The fibrous trays with a substantially rigid preformed intermediate layer will efficiently hold the impression compound and can be used by a dentist, with or without the metal tray 26 as shown by Figure 8. Said tray 26 embodies 'a very low flange portion so that only the soft edge portions of the fibrous tray will contact the roof or like portions of a patients mouth.

When a fibrous, or like type, tray is desired which incorporates a handle portion, permanently attached thereto, the fibrous, rigid intermediate layer may be formed with an extended handle member 37! as clearly shown by Figures 9, 10, 11 and 1 2. The inner and outer layers of thin fibrous materialwillcover substantially the entire rigid intermediate layer with exception of the handle member 31. Should it be desired to cover the rigid handle member 37, the inner and outer layers may be formed with extending portions to cover the upper and lower surface of said handle member.

It may be desired to supply fibrous trays without handle portions, this type of tray will nest with greater ease and require less space than those having integral handle members. Figures 13, 14, 15, 16 and 1'7 show a tray with means attached to the rigid intermediate layer for interconnecting the tray with a metal, or permanent,

handle in a detachable, strong and rigid manner.

Said means is shown as a preformed metal wire member 38 secured to layer 35 and properly formed with two openings 39 and 1m to receive two stud portions ill and 42 formed upon the free end 43 of handle 44. The wire member 38 is rigidly secured to the ridge portion of the tray adjacent the labial portion of the tray. It will be understood that the same type handle 44 and wire securing means 38 may be used and constructed with the mandibular type dental trays and can be used with equal facility.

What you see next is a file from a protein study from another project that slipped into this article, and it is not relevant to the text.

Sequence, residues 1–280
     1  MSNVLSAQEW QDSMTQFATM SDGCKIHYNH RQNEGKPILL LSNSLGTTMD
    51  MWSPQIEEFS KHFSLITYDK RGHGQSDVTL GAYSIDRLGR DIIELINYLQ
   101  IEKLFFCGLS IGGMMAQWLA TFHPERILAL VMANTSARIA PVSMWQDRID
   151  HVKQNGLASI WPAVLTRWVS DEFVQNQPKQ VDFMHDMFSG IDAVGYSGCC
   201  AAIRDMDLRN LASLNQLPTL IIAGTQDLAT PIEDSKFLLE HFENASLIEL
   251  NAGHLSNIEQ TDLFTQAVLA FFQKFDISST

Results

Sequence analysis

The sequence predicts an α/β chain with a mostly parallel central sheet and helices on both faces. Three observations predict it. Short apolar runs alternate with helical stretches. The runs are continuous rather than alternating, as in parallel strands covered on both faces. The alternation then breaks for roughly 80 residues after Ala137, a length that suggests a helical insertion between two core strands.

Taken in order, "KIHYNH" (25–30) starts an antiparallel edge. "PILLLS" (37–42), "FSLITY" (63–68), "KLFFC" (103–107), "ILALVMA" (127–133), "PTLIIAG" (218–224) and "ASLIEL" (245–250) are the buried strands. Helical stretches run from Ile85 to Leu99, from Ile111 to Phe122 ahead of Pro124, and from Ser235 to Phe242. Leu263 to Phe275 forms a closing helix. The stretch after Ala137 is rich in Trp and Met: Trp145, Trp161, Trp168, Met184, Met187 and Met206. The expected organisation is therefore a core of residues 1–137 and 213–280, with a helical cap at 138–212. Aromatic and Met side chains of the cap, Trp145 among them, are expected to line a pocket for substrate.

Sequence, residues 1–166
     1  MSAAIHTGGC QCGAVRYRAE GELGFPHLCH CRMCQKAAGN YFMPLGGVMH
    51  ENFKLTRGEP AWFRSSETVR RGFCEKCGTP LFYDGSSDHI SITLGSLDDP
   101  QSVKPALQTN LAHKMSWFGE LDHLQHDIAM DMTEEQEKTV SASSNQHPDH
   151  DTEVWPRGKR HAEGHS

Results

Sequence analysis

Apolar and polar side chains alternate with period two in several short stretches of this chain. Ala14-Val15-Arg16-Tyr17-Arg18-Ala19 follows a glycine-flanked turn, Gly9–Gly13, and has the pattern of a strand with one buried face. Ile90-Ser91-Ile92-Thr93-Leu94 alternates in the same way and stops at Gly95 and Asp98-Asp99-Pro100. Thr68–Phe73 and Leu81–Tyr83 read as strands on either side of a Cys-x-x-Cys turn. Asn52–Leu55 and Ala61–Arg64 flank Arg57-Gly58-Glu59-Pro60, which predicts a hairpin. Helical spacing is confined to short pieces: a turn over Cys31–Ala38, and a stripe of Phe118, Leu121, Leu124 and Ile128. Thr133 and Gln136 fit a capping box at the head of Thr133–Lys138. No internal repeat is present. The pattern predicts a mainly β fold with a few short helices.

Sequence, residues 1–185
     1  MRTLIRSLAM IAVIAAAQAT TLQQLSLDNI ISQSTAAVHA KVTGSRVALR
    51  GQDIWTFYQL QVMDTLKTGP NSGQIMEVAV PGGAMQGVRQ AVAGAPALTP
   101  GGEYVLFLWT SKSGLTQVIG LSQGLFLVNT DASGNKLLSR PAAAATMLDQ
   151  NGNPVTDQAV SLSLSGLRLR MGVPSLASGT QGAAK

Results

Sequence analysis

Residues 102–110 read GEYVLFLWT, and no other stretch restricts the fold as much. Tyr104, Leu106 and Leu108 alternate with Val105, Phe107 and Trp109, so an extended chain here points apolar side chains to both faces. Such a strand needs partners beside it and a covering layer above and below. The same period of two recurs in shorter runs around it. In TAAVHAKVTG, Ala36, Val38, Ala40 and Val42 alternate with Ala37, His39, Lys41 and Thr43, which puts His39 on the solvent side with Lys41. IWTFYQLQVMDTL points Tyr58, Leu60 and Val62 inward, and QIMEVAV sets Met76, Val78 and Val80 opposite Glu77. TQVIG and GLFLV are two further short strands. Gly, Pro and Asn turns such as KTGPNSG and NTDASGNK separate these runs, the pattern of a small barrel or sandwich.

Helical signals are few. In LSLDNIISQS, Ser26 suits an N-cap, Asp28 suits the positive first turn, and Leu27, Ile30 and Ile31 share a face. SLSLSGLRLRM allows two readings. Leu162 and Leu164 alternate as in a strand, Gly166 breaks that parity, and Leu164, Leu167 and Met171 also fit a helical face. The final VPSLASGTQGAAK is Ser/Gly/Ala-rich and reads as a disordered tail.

It will be understood that the construction shown in the various figures of the drawing, and

6 above described, pertains to a novel invention which is equally useful in connection with the making of full dentures, casts, impressions or prints of the upper jaw, the lower jaw, or for making of dental prosthetics, such as bridges and partial plates. The types shown and described are preferably non-metallic dental trays which will hold impression materials to create effective molds. The soft extremities are intended to reduce the irritation when said extremities of the tray are pressed against the mouth portions of the patient. The sanitary feature is very important as the tray is made at a small cost and is for temporary employment, to be thrown away after once using and to be replaced by another new or fresh one the next time a tray is needed to hold impression material. It may be desirable to make the fibrous tray in various sizes, however it is estimated that a maximum of ten different sizes of upper and lower type trays which can be out or trimmed to size will replace approximately seventy different sizes of metallic trays as now employed in the dental profession. The fibrous trays will be constructed so that they can be cut, or trimmed, at the peripheral edges and especially at the heel of the lower type trays, and especially the soft heel of the central portion of the tray which comes in contact with the palate, or roof portion, of the patients mouth.